Secrets of the Dark:
Much like the protagonists of today's game, Orneon has just sauntered into town with a thrilling sequel to Secrets of the Dark: Temple of Night, unleashing a stunning new adventure/hidden object hybrid with Secrets of the Dark: Eclipse Mountain. Once again light and dark clash in a suspiciously empty small town denuded by yet more demons. Are you sensing a theme here?
The adventure begins as you and your intrepid friend and reporter Peter leisurely wander towards a picturesque little Thai village. However, due to the fact that Peter seems to be the demon equivalent of catnip, the journey is interrupted by ravenous demonic servants who — you guessed it — kidnap Peter as part of a nefarious plan to unleash evil upon the world. Yes, again. Seriously, this is the second time you will spend an entire game attempting to rescue poor, put upon Peter and, quite frankly, dude needs to get a talisman or something so this doesn't happen a third time. It will be up to you to explore this dark region of Southeast Asia aided only by four monks who have unfortunately gotten themselves stoned. No, not high on dope, or executed biblical style, but turned into actual stone. Fortunately they are still helpful even in their statueified states.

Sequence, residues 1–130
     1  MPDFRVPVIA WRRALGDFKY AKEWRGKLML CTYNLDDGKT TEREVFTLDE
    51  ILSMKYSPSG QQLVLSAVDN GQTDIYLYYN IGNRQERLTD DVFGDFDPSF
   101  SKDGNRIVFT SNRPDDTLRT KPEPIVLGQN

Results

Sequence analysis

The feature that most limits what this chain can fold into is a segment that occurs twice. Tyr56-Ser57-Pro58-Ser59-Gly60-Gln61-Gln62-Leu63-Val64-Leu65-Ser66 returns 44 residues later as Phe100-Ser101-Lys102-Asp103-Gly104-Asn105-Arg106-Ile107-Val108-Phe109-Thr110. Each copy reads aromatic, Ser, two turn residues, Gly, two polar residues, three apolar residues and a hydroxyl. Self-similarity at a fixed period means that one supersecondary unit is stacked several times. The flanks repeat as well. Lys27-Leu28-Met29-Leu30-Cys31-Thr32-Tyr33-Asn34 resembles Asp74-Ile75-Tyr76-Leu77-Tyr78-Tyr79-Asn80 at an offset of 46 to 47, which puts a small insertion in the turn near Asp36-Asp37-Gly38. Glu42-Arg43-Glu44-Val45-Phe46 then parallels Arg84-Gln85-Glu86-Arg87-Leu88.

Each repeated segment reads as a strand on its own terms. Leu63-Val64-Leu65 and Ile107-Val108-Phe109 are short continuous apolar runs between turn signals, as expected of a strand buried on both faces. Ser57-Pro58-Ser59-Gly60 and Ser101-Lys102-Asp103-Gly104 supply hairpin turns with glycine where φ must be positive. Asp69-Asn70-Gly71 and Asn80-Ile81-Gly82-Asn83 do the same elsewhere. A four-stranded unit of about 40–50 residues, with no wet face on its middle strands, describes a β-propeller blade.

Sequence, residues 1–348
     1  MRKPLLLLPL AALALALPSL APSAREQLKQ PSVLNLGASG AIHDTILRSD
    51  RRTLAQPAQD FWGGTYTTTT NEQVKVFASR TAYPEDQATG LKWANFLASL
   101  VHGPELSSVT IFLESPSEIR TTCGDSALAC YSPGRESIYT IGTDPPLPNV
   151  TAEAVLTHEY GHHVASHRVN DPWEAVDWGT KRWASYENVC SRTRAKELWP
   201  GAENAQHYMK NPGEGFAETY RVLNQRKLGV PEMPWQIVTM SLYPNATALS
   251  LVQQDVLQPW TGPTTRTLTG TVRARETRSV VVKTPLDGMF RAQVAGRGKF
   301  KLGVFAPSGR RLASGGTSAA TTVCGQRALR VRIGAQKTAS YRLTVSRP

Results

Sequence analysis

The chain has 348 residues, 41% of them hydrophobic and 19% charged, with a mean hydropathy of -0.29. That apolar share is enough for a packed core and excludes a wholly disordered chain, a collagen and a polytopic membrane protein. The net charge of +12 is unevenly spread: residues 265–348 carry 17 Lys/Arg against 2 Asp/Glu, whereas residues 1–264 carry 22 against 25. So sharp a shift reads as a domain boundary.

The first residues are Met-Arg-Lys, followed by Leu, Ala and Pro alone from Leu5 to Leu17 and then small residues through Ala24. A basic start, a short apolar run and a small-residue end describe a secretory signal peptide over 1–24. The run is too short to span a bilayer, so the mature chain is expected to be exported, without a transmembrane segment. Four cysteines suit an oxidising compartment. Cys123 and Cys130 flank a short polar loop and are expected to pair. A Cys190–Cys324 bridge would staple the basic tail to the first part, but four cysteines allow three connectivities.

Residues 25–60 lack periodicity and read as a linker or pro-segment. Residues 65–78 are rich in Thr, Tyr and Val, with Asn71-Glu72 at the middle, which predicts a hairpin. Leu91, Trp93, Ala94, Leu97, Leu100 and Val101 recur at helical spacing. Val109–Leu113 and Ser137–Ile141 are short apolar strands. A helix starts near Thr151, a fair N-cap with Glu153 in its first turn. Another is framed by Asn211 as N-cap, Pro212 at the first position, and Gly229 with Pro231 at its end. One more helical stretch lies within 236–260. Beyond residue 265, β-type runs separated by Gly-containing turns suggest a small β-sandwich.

As you explore deeper and deeper into this obscure village you will encounter a plethora of challenges that include a nicely balanced mix of traditional hidden object scenes, "reverse" hidden object scenes, and mini-games and puzzles. Collect useful items as you explore, including some that may not seem useful at all but are actually blessings in disguise. Find a particular animal skull, for instance, and if you can offer it to the correct stoned monk it will transform into something helpful, like a hammer. Other useful items can be found hanging around each scene, in both types of hidden object scenes, and lurking beneath dirt or debris. A changing cursor is helpful in distinguishing areas of interest along with a variety of sparkles, at least in the "Regular" mode of play. Many areas also incorporate the wonderful "light/dark" mechanism from the first game, where a scene is actually two different scenes depending upon whether it is light or dark when you walk into the room. Explore, solve, sneak, and sometimes brute force your way towards saving your friend and the rest of the world from the all-encompassing evil. And then dump the guy because, seriously, two demon kidnappings are enough for anyone to live through.
Secrets of the Dark: Eclipse Mountain offers three modes of play, Regular, Advanced, and Hardcore, each with its own difficulty level. A bottom-loading inventory helps you keep track of the multitude of items you will encounter and your journalist notebook keeps track of the story as well as the clues scattered about the place. The refilling hint timer doubles as a skip function for the mini-games and puzzles and is useful inside the hidden object scenes as well as within the larger adventure itself. All the bells and whistles of a classic adventure game are here to be discovered, along with some nice twists thanks to the fact that many rooms and locations harbor a second, secret side that expands the gameplay exponentially.